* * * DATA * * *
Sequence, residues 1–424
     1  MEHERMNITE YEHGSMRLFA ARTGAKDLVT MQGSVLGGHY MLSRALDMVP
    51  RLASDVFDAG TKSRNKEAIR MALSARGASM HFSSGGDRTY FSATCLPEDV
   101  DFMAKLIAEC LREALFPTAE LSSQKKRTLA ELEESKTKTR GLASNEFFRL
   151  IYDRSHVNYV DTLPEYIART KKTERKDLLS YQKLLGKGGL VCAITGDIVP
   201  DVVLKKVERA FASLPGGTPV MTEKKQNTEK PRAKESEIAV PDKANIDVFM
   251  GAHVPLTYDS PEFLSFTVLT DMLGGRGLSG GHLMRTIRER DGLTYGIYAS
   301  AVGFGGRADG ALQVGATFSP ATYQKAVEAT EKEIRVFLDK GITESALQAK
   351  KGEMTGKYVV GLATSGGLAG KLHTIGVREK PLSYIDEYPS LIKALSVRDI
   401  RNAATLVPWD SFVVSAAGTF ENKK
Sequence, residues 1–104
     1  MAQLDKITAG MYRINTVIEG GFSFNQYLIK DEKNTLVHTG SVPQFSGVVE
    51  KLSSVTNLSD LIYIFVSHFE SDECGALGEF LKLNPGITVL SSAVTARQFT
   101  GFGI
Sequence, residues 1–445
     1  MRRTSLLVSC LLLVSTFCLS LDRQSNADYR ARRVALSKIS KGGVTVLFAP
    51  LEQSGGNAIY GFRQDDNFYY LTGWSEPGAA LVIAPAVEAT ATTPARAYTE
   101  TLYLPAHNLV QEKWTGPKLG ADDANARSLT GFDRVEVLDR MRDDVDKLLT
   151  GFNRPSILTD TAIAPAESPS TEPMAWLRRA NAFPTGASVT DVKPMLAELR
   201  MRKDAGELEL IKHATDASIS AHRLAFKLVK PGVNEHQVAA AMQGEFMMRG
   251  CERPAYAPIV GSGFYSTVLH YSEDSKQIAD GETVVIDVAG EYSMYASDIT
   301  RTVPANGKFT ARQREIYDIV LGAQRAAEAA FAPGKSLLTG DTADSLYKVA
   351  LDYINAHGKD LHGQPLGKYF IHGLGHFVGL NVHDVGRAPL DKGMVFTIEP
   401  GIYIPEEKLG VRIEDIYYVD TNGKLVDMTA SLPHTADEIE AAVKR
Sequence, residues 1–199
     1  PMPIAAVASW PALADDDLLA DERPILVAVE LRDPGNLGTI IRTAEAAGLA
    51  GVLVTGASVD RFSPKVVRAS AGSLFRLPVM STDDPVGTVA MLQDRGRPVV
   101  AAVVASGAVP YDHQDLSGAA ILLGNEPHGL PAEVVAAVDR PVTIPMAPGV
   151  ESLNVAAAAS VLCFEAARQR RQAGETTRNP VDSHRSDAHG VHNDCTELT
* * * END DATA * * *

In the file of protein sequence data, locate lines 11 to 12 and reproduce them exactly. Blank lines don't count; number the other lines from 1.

Sequence, residues 1–104
     1  MAQLDKITAG MYRINTVIEG GFSFNQYLIK DEKNTLVHTG SVPQFSGVVE